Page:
Shelter from the storm
For Kristin Beall, home safety begins with home construction.
The third generation home builder who has spent most of her life in Florida had never experienced a hurricane until 2004. After spending a few days in a walk-out basement shelter, Beall started putting together a plan to make the homes she builds as safe and as storm-resistant as possible.
Thus her new venture: Storm Safe Homes. Beall is working with companies like Owens Corning (roofing, insulation), Better Bilt (windows), Window Armour (storm shutters), Color Wheel (paint), Master Security Doors and 84 Lumber to make homes that can withstand winds up to 150 mph. She completed the model in February and has several homes in various stages of construction in and around Eustis, Fla., which is in the center of the state.
Beall has also partnered with the Institute for Business & Home Safety (IBHS) to build the first “Fortified for Safer Living” community, where everything from the houses to the privacy fencing to the mail boxes are engineered to withstand high winds. (Prices for lot and home start are in the $220,000 range.)
“Most of the time when people move into a home, they’re going to change the lighting fixtures or the faucets, but you can’t go back and re-engineer the roof or the walls,” said Beall. “The strengthening has to be done during the construction process.”
Storm Safe Homes range in size from 1,300 to 2,000 square feet and contain the following features: 130 mph impact resistant shingles, 150 mph impact resistant ridge vents, 130 mph impact resistant roof trusses and 98 mph impact resistant paint. All houses also contain a “safe room” designed to withstand winds up to 250 mph.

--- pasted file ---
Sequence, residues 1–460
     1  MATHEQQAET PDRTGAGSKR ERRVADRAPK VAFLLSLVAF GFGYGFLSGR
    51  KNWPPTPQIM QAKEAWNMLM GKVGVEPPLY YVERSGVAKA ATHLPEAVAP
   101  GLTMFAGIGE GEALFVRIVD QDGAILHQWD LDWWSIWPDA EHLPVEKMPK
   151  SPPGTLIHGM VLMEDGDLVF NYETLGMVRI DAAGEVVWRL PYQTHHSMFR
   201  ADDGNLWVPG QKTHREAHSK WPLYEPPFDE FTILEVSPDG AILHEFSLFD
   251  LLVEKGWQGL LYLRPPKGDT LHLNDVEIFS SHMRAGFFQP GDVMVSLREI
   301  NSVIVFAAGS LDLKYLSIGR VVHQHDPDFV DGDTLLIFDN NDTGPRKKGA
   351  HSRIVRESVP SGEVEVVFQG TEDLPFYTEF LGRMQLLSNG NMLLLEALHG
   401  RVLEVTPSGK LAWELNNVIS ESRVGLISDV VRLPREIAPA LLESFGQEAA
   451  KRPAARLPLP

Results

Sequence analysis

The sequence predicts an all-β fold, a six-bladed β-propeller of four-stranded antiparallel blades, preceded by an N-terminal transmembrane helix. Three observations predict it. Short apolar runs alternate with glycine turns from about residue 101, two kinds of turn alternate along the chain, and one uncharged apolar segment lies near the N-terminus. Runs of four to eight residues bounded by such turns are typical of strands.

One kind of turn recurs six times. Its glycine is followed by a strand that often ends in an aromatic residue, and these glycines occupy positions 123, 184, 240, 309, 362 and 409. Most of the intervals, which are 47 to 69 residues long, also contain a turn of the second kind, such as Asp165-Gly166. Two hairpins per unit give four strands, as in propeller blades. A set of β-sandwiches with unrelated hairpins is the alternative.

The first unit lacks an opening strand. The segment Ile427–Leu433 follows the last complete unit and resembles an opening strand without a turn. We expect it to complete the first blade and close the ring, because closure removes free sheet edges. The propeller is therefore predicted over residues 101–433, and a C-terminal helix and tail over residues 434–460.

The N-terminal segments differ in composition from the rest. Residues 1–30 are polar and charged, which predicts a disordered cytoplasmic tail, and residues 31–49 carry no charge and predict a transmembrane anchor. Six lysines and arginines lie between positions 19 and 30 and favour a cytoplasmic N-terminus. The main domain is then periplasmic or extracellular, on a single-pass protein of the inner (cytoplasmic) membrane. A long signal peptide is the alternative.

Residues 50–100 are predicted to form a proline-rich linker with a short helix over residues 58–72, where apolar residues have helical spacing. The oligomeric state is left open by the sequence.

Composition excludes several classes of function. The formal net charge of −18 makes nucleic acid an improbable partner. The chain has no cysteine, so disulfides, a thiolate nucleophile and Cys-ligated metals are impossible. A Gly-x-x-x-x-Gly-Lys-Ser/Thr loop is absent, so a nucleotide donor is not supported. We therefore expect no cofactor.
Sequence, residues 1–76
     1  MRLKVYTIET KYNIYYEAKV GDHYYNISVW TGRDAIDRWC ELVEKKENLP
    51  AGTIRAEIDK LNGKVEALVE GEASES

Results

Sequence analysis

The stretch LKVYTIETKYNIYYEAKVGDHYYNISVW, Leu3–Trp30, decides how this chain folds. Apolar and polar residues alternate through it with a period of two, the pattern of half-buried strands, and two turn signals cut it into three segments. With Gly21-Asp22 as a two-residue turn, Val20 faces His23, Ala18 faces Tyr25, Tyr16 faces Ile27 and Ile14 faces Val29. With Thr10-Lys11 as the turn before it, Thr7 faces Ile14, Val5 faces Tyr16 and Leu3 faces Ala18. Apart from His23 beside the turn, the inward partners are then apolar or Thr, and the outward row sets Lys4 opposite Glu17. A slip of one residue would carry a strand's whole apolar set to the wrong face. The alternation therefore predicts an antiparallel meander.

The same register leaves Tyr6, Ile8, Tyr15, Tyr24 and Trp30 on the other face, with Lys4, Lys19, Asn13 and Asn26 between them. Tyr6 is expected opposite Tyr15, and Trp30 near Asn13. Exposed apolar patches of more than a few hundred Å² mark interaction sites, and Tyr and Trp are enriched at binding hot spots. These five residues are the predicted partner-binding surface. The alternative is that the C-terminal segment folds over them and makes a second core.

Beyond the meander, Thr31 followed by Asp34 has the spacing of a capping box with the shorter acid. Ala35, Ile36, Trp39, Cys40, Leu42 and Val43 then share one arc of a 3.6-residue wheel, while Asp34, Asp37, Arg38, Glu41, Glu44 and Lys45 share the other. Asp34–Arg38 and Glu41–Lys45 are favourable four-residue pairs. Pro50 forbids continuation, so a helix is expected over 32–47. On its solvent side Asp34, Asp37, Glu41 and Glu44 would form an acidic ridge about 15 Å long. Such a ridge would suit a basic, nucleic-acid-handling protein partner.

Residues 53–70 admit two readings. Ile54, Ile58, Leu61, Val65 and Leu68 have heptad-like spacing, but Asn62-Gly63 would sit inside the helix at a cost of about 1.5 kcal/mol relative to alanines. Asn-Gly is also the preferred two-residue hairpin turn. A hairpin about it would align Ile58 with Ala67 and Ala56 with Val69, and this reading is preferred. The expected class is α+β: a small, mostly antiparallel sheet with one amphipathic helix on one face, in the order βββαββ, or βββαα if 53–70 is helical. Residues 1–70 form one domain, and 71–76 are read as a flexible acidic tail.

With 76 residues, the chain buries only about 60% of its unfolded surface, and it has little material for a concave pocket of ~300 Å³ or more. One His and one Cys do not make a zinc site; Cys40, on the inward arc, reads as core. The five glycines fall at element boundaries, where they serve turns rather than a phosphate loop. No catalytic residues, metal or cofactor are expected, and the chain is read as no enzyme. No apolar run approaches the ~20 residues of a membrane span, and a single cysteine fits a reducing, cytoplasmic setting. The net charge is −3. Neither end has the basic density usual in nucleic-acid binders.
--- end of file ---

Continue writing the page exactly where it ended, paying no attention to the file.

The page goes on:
“Nothing could ever be totally hurricane or tornado resistant, but we’re trying to do the best we can to provide safe homes at the best price,” said Beall, a former Miss Florida, whose grandfather founded the family business 50 years ago. “People are still living in the homes my grandfather built 50 years ago, and I hope people will be living in my houses 50 years from now.”
True Value owner inducted into Washington D.C. ‘Hall of Fame’
Howard Politzer, owner of Brookland True Value in Washington D.C., has received the Business Legacy Award from the Washington D.C. Hall of Fame Society, a group that recognizes members of the city’s business community.
The legacy award recognizes individuals and establishments that have contributed immensely to the growth and development of Washington, D.C. and changed the course of the District’s history. Hall of Fame Society executive board members voted unanimously to make Brookland True Value its first choice in the nbusinessi category, and Politzer was inducted into its Hall of Fame.
Politzer opened his first True Value in 1975 on Capitol Hill, and in 1981 he relocated the store six miles north to the city of Brookland.
Politzer has served as a member of the Brookland Chamber of Commerce, the Center for Community Development, the MayorIs Golden Washington Club, the Brookland Business and Professional Association and the Pennsylvania and Atlantic Seaboard Hardware Association.
Acquisition of Rinker nears completion
Rinker Materials, a top distributor of non-lumber building materials in the United States, with $4.5 billion in sales last year, will soon become part of Cemex, North America’s largest cement producer.
Cemex has purchased more than 90 percent of the shares of Rinker Group Ltd., Rinker’s Australian parent company, clearing the way for the cement supplier to acquire the rest of the company without consent.
Cemex, based in Monterrey, Mexico, placed an unsolicited $14 billion bid for all of Rinker’s shares earlier this year. In June it won majority control over Rinker’s board of directors and replaced them with its own appointees. The Rinker acquisition will further increase Cemex’s share of the U.S. concrete market.
Headquartered in West Palm Beach, Fla., Rinker Materials sells cement, asphalt, pipe, tools, drywall, steel framing and other construction materials. It generates approximately 80 percent of its parent company’s revenues.